iPhone's missing features

iPhone's missing features

Summary: I want to start out by saying that I think that the iPhone will be wildly successful. I think that Apple will sell boat loads of them. I will definitely be buying one, at minimum for research purposes. That being said, it would be irresponsible to simply laud the device without pointing out some of it's more serious deficiencies, and there are several of them.

TOPICS: iPhone

iPhone features slide from MacworldAfter yesterday's short hiatus from iPhone coverage, I'm back on the bandwagon again.

I want to start out by saying that I think that the iPhone will be wildly successful. I think that Apple will sell boat loads of them. I will definitely be buying one, at minimum for research purposes. That being said, it would be irresponsible to simply laud the device without pointing out some of its more serious deficiencies, and there are several of them.

I should also mention that the following are my list of missing iPhone's missing features, so they won't necessarily be yours.

iPhone's missing features:

  1. Third party support. Apple is making the iPhone a walled garden without allowing third party applications to be installed. Apple claims that it's for security reasons but I think that they'll eventually bow to public pressure and release an SDK and allow certain "blessed" applications in. Besides, there's always the "browser hole."
  2. Browser plug-ins/Flash/Javascript. This is still up in the air, but Apple is staying mum on exactly which plug-ins the "Safari" browser will support. I think that dropping Javascript and/or Flash is a deal-breaker.
  3. Carrier choice. Being locked to Cingular with a 2-year contract is a bit of a bummer. What ever happened to it being carrier-free?
  4. Phone and data price plans. This worries me a lot. I hope that Cingular doesn't take advantage of early adopters with crazy-expensive price plans.
  5. Removable battery. This is a huge potential problem in emergency situations and when traveling. The only upside is that all iPod 30-pin dock connector accessories will work.
  6. 3G. Apple and Cingular opted for EDGE networking in iPhone, which isn't 3G. I've gotten spoiled by Verizon's EVDO speeds, so EDGE is a big step backward. My understanding is that they didn't opt for Cingular's faster HSDPA networking because it would have added too much thickness. iPhone 2 anyone?
  7. iChat. One glaring omission in all the iPhone hoopla was iChat. Steve took the time to demo SMS (which looked like iChat) but where was Apple's venerable chat client?
  8. Front facing camera. Although I don't really care about the 2MP camera on the back of the camera, I was disappointing that there wasn't a camera on the front. It would be perfect for video chatting (see #7), which although limited by the iPhone's lack of 3G (see #6), would work great over WiFi.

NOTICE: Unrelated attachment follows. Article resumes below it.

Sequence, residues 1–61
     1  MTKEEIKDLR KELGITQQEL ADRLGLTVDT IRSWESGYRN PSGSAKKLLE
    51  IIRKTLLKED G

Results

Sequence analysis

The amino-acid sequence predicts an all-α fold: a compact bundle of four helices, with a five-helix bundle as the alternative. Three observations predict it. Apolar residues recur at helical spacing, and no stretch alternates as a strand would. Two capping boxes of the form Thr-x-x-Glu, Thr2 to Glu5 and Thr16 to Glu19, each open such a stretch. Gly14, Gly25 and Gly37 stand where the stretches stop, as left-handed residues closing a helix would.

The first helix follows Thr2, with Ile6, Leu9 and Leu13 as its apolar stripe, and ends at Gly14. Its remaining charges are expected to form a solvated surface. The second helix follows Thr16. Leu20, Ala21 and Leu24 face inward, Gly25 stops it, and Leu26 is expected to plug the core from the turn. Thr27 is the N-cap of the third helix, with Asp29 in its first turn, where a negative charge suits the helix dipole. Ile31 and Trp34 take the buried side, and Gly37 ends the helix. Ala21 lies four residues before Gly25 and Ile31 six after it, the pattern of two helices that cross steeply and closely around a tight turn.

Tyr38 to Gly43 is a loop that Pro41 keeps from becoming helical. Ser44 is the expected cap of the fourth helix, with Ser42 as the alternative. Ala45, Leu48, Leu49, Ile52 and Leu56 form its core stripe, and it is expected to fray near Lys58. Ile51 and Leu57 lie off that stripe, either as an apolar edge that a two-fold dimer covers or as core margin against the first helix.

9. Calendar Data input. Just like on the iPod, the calendar is read-only and must be synced from a Mac. iPhone has a keyboard, why doesn't Apple make the calendar accept input? Update: In his NYT blog David Pogue notes: "Calendar program isn’t finished yet, but I did see an "add new event" icon on the placeholder graphic." It appears that Apple is moving toward allowing real data entry into the iPhone (at least in the calendar app.) Let's hope that they do the same thing for both Address Book and iTunes.
  10. Over The Air (OTA) downloads from the iTunes Store. It stands to reason that Apple would want to sell music over the air (why wouldn't they?) but I've heard that it's a contractual limitation. Apple has to amend their agreements with all of the labels to allows for OTA distribution.
  11. Wireless syncing. iPhone can only be synced with a cable and can't be synced via WiFi or Bluetooth. This is unacceptable. iPhone has three radios and should be able to be synced with all three. WiFi and BT minimally, then OTA to Dot-Mac for bonus points.
  12. Office support. The early word is that iPhone won't be able to open Word and Excel documents (although it will be able to open PDF). I hope that this will change and by launch and iPhone will support iWork '07 mobile, which in turn, will open Word and Excel files.
  13. Microsoft Exchange support. This is not a big deal for me, but it will be for enterprise customers. Without it, Apple can't hope to unseat the cult of BlackBerry.
What are your beefs with the iPhone? Chime in in the TalkBack below.

Topic: iPhone

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  • So now ask yourself why you want an iPhone?

    All the advantages of the iPhone have been available in products that have been on the market for years. Touchscreen buttons? Done. Mobile media players? Done. Internet communicators? Done. In fact, if you want the iPhone [b]today[/b], you can download a skin for your Windows Mobile device... [b]today[/b].

    So now you need to ask yourself why you are willing to pay extra for the privilege of getting 2 year old technology with 5 year old restrictions on it!

    I do agree with your assessment that the iPhone will sell well though. There are, what 30 million Mac owners out there? I suspect the iPhone will sell about 30 million units/year. Why per year? Because that is how often the battery will wear out!! :)
    • You are right about the features...

      Being available in other phones, but they currently are not available in any single phone.

      That being said, I am a Mac owner and I wont be getting an iPhone until it does the following.